I wanted to post something online for the rare chance that someone else will face a similar problem. I've searched high and low, but I seem to be fairly lonely out there with this medical situation.
In 2002 while I was training aggressively for an Ironman I developed an odd pain on the front and middle of my right tibia. I was xray'd and a ever so slight line showed up and I was diagnosed with stressfracture due to overtraining. The treatment was 3 months off my legs. 3 months passed and the line showed absolutely no change, and pain was the same when running.
To abbreviate this story, I went from doctor to doctor, took Fosamax for slight osteopenia, wore a bone stimulator for 3 months, stopped running completely - and by 2004 the line on the tibia had made absolutely no sign of improvement. And pain persisted. I was told by doctors that there was nothing more they could do for me - but I was really counting on being able to run again and kept pushing.
By then I had made it to a surgeon who suggested an IM rod. There was some hope that it would stimulate the bone around the suspected stress fracture (and no doctor ever question if it really was a stress fracture). I was open to all ideas and agreed to surgery in March 2004.
After waking up from surgery I was told the rod never got screwed in place since it had been a tight fit (and it might have saved me some discomfort over the years). But... quite soon after surgery I started to experience a different kind of pain. It was very difficult to describe, and quite honestly it felt different at different times. Back to the doctor! Now they started guessing it could possibly be compartment syndrome, although this was never proven. This was in the later part of 2004.
The pain never stopped me from going on with every day life, but it kept me from the thing that I love the most - running!! But around this time I also got pregnant (twice, back to back) and I put off any form of treatment for these years. But in 2008 I went back to at least have a bone scan done, and the result was: abnormal. Doctor could not say why, just that it was not what they expected to see if it was healthy. No infection was found though.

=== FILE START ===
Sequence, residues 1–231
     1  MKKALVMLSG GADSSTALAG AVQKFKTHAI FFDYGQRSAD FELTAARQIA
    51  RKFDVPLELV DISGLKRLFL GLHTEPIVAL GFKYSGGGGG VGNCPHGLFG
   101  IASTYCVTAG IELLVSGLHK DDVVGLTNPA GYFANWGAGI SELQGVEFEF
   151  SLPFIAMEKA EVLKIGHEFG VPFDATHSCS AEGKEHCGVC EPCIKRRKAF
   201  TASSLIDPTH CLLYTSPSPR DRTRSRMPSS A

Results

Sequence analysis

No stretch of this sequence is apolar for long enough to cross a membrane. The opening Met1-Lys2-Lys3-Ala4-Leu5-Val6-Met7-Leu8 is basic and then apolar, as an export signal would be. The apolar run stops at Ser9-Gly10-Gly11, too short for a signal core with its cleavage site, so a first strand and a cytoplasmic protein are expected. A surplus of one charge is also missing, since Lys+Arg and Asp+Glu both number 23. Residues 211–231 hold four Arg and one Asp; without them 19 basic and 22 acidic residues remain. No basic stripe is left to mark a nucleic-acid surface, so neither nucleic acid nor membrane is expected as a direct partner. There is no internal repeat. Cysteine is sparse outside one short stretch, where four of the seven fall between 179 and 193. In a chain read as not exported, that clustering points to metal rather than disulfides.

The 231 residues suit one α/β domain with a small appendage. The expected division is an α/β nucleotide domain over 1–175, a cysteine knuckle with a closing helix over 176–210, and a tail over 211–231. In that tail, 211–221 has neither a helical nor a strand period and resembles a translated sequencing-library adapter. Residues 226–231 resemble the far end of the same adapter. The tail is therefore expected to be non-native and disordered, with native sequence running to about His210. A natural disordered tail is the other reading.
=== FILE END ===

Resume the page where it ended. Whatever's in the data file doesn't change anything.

It's interesting to note that this doctor that I saw in 2008 recommended the following treatment: Removal of existing rod, placing in a new, thicker one, screw it in place, do a bone graft on the suspected stress fracture (that still looked the same) and for recovery EIGHT weeks completely non-weight bearing (no swimming even). Overall a pretty disruptive and invasive option! I live in a 3 story house with 2 kids under 4 - so I opted to wait since it still was not a matter of urgency or unbearable pain.
About a month ago I saw surgeon #555 (or so it feels!) and by now I have increased pain. Not bad, but to the point where I take anti-inflammatories at night to escape what now feels like dull ache or even like growing pain. The new approach - he does NOT believe that what I have is a non-union stress fracture! Wow! That's a thought - I never responded to anything that was done to stimulate it to heal so it makes sense. But after that many doctors all believe the same thing, so did I. Until now... now I'm just not sure. This new doctor suggested some possible bone abnormality around this area, but he was also cautious with saying that he knew for sure. Which I appreciate.
He took a look at the xray and basically told me the truth - this rod will be a pain to take out - it is very deep into the bone, and my previous surgeon did not cap it, meaning there might be bone growth down into the rod, and it will be difficult to get to and grab it. But other than that he is fairly convinced, based of new xray's that the rod is LOOSE in there! And my pain might be coming from the movement.
This particular type of pain from an IM Rod is impossible to find any info on. If you happen to come across this and have felt misdiagnosed and/or mistreated with an IM rod, please post! It would be very interesting to hear other situations and possible solutions.
I will have my rod out at the end of April, 2010 (in less than a week) and will try to post something about that experience during recovery.